LEFT: Annie Werner (left) arranges a book under the supervision of Conservator Meagen Smith (right). RIGHT: The display in the Reading Room.

The Hogarth Press was a publishing house founded in 1917 by Leonard and Virginia Woolf and was named after their house in Richmond, in which they began hand-printing books. The London Library is fortunate to hold several examples of the Hogarth Press’s rare early work and visitors to The Reading Room will see that a temporary new display has been installed. All of Hogarth items are in our Special Collections and available to view by appointment but we are delighted to be able to share some of our favourites with members that come to work in the Library. Our open stacks also contain extensive holdings of Virginia Woolf’s writing, some of which feature original covers designed by Vanessa Bell, as well as the complete set of Leonard Woolf’s autobiographies as donated by the publisher.


Stack Assistant Annie Werner lays out the display in the London Library’s Conservation Studio.

Virginia Woolf grew up in a London Library household. The novelist was born Adeline Virginia Stephen in 1882 to Julia and Sir Leslie Stephen, both prominent members of the Victorian arts and literary scene. In 1892, Virginia and her elder sister Vanessa (later the artist Vanessa Bell) cheerfully noted the results of a recent election at The London Library in their homemade newsletter:

Mr Leslie Stephen whose immense litterary [sic] powers are well known is now the President of The London Library which as Lord Tennyson was before him and Carlysle [sic] was before Tennyson is justly esteemed a great honour. […] We think that The London Library has made a very good choice.

The Stephen sisters’ newsletter, The Hyde Park Gate News, displays Virginia’s early interest in the materiality of texts. Although The Hyde Park Gate News was handwritten in Vanessa’s cursive, it was styled in columns to resemble a traditional broadsheet and bound in brown cloth. Virginia would later study bookbinding – a popular pastime for Victorian ladies – and spend several months rhapsodising about her new hobby in her diary and letters.  

Virginia and Vanessa Stephen joined the Library formally in 1904, shortly after the death of their father. Virginia, then twenty two, listed her occupation as ‘Spinster’ on her joining form. Later that same year she met Leonard Woolf. A fellow London Library member, Leonard Woolf was a former civil servant who had resigned his post in Ceylon in disgust over the brutality of empire. The pair married in 1912.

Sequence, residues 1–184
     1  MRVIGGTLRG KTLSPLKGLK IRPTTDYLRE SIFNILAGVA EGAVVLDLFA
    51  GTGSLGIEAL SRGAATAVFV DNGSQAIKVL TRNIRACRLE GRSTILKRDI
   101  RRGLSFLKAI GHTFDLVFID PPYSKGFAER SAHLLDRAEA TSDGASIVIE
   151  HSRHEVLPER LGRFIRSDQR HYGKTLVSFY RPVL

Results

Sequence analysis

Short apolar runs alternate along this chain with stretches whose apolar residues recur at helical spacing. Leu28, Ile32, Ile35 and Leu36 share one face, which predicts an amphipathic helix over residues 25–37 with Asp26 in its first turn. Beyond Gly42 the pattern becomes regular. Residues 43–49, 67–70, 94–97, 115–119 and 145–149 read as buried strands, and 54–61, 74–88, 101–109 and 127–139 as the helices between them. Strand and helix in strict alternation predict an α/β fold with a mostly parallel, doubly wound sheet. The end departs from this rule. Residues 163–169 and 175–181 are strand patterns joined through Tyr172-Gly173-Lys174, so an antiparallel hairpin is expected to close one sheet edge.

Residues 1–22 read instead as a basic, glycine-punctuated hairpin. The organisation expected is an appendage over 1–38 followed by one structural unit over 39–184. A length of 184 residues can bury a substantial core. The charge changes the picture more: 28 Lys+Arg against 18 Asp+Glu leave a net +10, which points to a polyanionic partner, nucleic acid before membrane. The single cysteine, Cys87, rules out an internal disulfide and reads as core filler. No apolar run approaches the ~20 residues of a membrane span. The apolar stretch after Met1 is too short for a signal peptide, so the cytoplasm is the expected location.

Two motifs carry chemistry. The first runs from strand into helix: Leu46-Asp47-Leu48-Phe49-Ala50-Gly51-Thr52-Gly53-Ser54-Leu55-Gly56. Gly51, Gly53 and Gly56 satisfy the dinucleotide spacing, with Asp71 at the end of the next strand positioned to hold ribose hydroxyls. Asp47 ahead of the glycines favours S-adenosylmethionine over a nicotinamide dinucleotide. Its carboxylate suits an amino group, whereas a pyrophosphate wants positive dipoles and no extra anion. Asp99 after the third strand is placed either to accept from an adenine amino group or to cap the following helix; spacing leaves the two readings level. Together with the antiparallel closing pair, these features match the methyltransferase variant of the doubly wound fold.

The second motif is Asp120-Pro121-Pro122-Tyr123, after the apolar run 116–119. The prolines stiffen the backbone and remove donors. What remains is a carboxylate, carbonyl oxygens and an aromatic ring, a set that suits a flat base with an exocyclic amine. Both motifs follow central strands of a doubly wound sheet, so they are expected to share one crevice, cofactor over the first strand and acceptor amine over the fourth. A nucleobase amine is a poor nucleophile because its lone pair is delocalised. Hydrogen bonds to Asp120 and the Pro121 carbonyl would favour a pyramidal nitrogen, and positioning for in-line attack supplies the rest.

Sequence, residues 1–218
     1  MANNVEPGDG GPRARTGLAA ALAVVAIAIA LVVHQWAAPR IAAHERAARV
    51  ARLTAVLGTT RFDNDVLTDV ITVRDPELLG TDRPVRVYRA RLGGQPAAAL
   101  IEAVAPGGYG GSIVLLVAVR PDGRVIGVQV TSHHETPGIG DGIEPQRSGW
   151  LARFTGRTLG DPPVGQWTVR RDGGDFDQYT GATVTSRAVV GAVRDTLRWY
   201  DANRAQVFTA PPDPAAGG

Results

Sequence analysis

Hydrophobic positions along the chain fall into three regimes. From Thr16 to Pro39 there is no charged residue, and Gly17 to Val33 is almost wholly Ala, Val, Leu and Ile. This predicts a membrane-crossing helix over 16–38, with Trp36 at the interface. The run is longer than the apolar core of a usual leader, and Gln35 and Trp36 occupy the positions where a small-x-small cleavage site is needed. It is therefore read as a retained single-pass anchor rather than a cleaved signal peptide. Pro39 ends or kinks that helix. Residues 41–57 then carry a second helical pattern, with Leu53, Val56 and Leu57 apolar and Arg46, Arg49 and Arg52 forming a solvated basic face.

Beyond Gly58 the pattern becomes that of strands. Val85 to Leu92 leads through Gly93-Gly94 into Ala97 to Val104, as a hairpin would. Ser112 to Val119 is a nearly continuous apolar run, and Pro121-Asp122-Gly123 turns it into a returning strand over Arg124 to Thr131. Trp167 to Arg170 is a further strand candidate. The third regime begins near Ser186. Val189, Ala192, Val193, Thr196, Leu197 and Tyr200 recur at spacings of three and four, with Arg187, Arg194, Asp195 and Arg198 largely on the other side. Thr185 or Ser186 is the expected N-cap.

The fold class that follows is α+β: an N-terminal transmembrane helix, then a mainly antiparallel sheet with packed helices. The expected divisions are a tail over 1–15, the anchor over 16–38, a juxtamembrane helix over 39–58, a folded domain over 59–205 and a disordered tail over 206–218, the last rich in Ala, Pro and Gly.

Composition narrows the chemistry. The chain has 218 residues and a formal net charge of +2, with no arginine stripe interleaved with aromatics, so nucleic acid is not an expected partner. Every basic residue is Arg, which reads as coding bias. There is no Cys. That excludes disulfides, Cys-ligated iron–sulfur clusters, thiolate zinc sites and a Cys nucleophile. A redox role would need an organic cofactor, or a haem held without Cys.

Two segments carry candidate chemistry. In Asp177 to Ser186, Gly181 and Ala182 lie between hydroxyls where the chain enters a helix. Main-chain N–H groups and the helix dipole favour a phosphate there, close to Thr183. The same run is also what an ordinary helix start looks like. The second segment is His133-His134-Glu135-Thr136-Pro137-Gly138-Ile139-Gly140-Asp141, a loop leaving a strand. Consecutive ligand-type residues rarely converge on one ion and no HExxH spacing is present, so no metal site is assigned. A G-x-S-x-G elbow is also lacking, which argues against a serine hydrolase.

Virginia Woolf’s first novel, The Voyage Out, was published by Gerald Duckworth and Company in 1915. This contract with Duckworth caused her intense distress. Woolf had always been sensitive to criticism of her work and despised Gerald Duckworth, who was her half-brother on her mother’s side.

Recognising that Virginia was on the verge of a mental health crisis, the Woolfs looked for a constructive outlet for her nervous energy. On her thirty-third birthday, Virginia wrote in her diary that they had decided both ‘to take Hogarth [House], if we can get it’ and to buy a printing press. She continued, ‘I am very much excited at the idea […] — particularly the press.’

The move to Hogarth House was completed in 1915, but Virginia’s fragile mental health prevented them from establishing the Hogarth Press on the site until 1917. The Woolfs purchased a small hand-press from a hobbyist shop in Farringdon and advertised their intent to ‘publish at low prices short works of merit, in prose or poetry, which could not, because of their merits, appeal to a very large public.’ Their first publication was Two Stories, featuring one story by each Woolf.

The Hogarth Press would later become conventional publishing house, but in the hand-press years of 1917-1925 it was decidedly an amateur operation: Leonard handled the printing and administration while Virginia did the typesetting and binding. These hand-press books are all short texts – either short stories or poetry – because setting each page could take upwards of an hour. They are also bound expediently, in stiff paper wrappers rather than board. The early Hogarth Press books are special objects not because they were skilfully or beautifully made, but because of their connection with the hands and mind of one of the twentieth century’s greatest novelists.

We hope many of you will have the opportunity to go and see the items on display in the Reading Room.